Monday, January 20, 2014

Latin America Newsmaker Awards: A Platinum Award for Hugo Chávez

article from October 10, 2011
By Jamie Douglas

Due to the many encouraging messages I have received from readers, I will continue this semi-irregular feature, looking into some different aspects of life and politics in the regions that make up Latin America.

I would like to offer my special thanks to several South American newsmakers who make life easy for me by delivering a constant stream of behavior worth reporting: The Platinum Award surely can go only to the one and only Hugo Chávez, with the Gold shared equally by Cristina Fernández de Kirchner and her Chilean counterpart, Sebastian Piñera. The Silver goes to Rafael Correa of Ecuador, while the leaders of Brazil, Colombia and Uruguay receive honorable mention for their actual efforts to do good for their citizens. Kudos to Dilma Rousseff, Juan Manuel Santos and José Mujica for their continued efforts, always giving me pleasant subjects to write about.

Platinum Award Winner Hugo Chávez

Hugo Chávez, after his fourth round of chemotherapy, is doing his best to mislead the world into believing that he is in great condition and does not have cancer. Unfortunately, his mere appearance dispels that assertion. He does not look well, and that should come as no surprise to anyone. The regimen of getting poisoned to within an inch (2.54cm) of your life takes a serious toll on anyone subjected to it. Last Saturday, October 1, 2011, he could be found buying votes by giving away appliances to his admirers. Kind of a waste, since they all were going to vote for him anyway. Although he firmly stated, “I am not sick at all” (Remember Richard Nixon’s “I am not a crook?”) to anyone who would listen to him, comrade Hugo is obviously not well. I do not wish him ill at all. I hope he will continue his struggle against the Big “C” and win. But even as El Maximum Líder, he is subject to the same suffering caused by that illness as any other mortal. After a Miami paper reported him to be urgently hospitalized, comrade Hugo showed the irresponsible imperialist Miami press that he was well, indeed, by publicly displaying his baseball skills, engaging several of his ministers in a game in the garden of his Miraflores Palace. At least his smugness is still intact.

Meanwhile the ultra-socialist president’s spending has come under scrutiny again. The Association of Latin American Newspapers has reported that one year ago, when comrade Hugo set out on his state visits to Moscow, Kiev, Teheran, Damascus and Tripoli, two of his trusted representatives set out from Miraflores with instructions to go to the central bank a few blocks away and pick up US$5 million in cash to cover the expenses of the upcoming trip. The agents dutifully went to the bank, got the money and promptly disappeared.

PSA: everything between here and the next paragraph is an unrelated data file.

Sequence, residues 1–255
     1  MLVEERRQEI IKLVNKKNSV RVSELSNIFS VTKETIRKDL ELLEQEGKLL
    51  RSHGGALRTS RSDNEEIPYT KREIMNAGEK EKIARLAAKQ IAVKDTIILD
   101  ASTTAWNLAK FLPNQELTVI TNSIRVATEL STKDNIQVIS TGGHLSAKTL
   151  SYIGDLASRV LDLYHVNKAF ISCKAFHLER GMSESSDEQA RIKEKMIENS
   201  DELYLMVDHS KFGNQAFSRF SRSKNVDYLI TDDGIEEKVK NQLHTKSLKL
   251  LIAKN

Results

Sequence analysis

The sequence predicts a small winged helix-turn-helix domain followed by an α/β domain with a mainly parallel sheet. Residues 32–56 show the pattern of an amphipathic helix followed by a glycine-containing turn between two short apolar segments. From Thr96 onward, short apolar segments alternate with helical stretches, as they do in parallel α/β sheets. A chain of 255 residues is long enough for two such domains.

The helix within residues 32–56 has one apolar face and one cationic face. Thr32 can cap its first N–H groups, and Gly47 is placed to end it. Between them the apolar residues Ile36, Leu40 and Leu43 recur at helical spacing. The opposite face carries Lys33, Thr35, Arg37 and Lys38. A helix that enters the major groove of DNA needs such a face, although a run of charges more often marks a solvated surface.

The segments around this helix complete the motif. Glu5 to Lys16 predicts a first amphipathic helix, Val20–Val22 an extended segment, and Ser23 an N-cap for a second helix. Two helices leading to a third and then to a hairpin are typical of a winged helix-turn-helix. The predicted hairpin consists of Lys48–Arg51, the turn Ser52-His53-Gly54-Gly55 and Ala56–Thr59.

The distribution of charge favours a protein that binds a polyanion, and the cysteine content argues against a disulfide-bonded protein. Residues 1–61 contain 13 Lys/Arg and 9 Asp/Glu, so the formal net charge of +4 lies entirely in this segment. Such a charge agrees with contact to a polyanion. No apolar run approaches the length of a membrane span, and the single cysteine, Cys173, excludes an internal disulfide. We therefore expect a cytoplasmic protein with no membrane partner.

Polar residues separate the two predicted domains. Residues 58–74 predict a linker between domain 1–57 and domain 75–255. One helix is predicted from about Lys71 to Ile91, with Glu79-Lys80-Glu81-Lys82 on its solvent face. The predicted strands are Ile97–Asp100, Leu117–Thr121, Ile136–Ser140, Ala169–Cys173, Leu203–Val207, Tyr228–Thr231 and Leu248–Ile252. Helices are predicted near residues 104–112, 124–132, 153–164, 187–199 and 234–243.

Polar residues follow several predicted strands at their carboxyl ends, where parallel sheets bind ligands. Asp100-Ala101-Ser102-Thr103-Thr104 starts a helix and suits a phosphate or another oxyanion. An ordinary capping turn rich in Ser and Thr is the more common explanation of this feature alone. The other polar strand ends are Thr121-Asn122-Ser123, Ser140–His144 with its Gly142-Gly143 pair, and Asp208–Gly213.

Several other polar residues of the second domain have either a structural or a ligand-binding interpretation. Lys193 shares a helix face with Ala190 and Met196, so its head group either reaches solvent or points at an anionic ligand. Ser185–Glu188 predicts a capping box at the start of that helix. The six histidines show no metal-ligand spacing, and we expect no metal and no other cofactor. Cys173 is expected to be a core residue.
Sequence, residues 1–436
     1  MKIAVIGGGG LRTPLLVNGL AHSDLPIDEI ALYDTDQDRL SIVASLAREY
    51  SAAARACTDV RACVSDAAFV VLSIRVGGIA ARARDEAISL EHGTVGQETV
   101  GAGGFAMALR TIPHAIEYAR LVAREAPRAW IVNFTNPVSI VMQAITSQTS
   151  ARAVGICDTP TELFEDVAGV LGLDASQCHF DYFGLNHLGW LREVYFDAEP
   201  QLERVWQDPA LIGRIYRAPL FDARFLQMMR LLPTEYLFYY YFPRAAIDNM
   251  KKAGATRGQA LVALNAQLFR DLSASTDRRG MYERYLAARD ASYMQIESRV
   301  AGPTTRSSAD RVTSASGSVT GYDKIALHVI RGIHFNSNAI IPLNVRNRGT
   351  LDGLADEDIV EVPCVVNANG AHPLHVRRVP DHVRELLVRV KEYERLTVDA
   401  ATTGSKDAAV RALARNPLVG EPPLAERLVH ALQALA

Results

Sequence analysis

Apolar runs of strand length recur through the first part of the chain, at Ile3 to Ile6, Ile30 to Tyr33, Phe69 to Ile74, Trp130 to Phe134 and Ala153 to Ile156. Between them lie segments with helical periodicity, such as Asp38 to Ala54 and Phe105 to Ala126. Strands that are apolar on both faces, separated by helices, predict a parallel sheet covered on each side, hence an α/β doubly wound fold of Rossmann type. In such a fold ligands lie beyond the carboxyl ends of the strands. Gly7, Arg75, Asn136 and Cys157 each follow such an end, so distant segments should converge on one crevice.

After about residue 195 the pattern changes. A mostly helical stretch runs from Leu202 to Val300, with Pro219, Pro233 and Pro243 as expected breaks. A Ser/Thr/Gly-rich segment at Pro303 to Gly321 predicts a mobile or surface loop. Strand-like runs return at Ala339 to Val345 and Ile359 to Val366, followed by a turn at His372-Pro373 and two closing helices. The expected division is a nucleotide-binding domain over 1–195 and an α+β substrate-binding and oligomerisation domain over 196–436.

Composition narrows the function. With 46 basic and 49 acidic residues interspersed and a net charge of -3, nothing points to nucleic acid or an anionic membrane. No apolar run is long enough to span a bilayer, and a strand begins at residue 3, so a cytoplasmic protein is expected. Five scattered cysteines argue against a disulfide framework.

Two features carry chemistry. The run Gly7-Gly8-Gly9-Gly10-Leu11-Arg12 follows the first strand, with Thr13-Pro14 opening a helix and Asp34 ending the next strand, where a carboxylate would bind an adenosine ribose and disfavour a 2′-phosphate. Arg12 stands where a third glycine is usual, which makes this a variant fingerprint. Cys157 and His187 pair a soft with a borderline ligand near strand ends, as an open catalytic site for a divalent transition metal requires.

Fast forward to the next day, when another pair of agents set out to harvest another $5 million, this time with a little more supervision and the money making it back to the palace. But it all goes to show that this comrade is not shy at all about spending lavishly on himself and his close associates. He raised the budget for spending on himself to $794 million in 2011. Seventy percent of that is his for discretionary spending, and the other 30% pays for parties ($10.4 million), clothing and shoes ($320.000), laundry ($408.000) and $9.5 million in upkeep of residences.

One of Hugo’s favorite phrases is that all that matters is saving the Bolivarian Revolution, even if we don’t have all of what we need to eat. All the rest is secondary.

I have a feeling that if comrade Hugo’s idol, Simón Bolivar, were alive today, Chávez might be lingering in a prison, if not dangling from the gallows, for illegal enrichment from the state coffers.

Jamie Douglas
San Rafael, Mendoza
Where is my Malbec?

[Image of Venezuelan President Hugo Chávez via Wikipedia]

I encourage you to write me at cruzansailor [at] gmail [dot] com with any questions or suggestions you may have. Disclaimer: I am not in any travel-related business. My advice is based on my own experiences and is free of charge (Donations welcome). It is always my pleasure to act as a beneficial counselor to those who are seekers of the next adventure.

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